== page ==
Eosinophils preserve parasitic nematode larvae by regulating local immunity

Nebiat G. Gebreselassie, Andrew R. Moorhead, Valeria Fabre, Lucille F. Gagliardo, Nancy A Lee, James J. Lee, Judith A. Appleton

Research output: Contribution to journalArticle

58 Citations (Scopus)

Abstract

Eosinophils play important roles in regulation of cellular responses under conditions of homeostasis or infection. Intestinal infection with the parasitic nematode, Trichinella spiralis, induces a pronounced eosinophilia that coincides with establishment of larval stages in skeletal muscle.We have shown previously that in mouse strains in which the eosinophil lineage is ablated, large numbers of T. spiralis larvae are killed by NO, implicating the eosinophil as an immune regulator. In this report, we show that parasite death in eosinophil-ablated mice correlates with reduced recruitment of IL-4 + T cells and enhanced recruitment of inducible NO synthase (iNOS)-producing neutrophils to infected muscle, as well as increased iNOS in local F4/80 +CD11b +Ly6C + macrophages. Actively growing T. spiralis larvae were susceptible to killing by NO in vitro, whereas mature larvae were highly resistant. Growth of larvae was impaired in eosinophil-ablated mice, potentially extending the period of susceptibility to the effects of NO and enhancing parasite clearance. Transfer of eosinophils into eosinophil-ablated ΔdblGATA mice restored larval growth and survival. Regulation of immunity was not dependent upon eosinophil peroxidase or major basic protein 1 and did not correlate with activity of the IDO pathway. Our results suggest that eosinophils support parasite growth and survival by promoting accumulation of Th2 cells and preventing induction of iNOS in macrophages and neutrophils. These findings begin to define the cellular interactions that occur at an extraintestinal site of nematode infection in which the eosinophil functions as a pivotal regulator of immunity.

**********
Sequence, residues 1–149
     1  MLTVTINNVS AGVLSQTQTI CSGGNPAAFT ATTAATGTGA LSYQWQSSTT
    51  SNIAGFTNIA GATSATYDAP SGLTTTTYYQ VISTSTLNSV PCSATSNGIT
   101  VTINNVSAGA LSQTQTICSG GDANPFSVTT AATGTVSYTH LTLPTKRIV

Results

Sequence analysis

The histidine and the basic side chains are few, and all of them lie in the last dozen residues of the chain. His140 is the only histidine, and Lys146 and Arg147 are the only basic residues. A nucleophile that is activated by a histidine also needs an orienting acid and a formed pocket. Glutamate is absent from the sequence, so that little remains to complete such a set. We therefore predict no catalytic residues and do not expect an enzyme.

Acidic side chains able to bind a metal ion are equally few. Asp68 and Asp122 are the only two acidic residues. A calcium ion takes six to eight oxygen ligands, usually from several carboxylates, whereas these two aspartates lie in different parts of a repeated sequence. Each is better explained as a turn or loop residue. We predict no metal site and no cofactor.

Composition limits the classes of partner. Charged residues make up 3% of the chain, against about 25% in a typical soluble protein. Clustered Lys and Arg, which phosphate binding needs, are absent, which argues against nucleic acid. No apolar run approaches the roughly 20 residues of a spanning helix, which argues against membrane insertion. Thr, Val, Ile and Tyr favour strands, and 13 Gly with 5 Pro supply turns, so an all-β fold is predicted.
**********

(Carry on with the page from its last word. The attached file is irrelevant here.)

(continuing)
Original languageEnglish (US)
Pages (from-to)417-425
Number of pages9
JournalJournal of Immunology
Volume188
Issue number1
DOIs
StatePublished - Jan 1 2012

Fingerprint

Eosinophils
Larva
Immunity
Trichinella spiralis
Nitric Oxide Synthase
Parasites
Neutrophils
Growth
Eosinophil Peroxidase
Macrophages
Nematode Infections
Th2 Cells
Parasitic Diseases
Eosinophilia
Interleukin-4
Skeletal Muscle
Homeostasis
T-Lymphocytes
Muscles
Infection

ASJC Scopus subject areas

  • Immunology

Cite this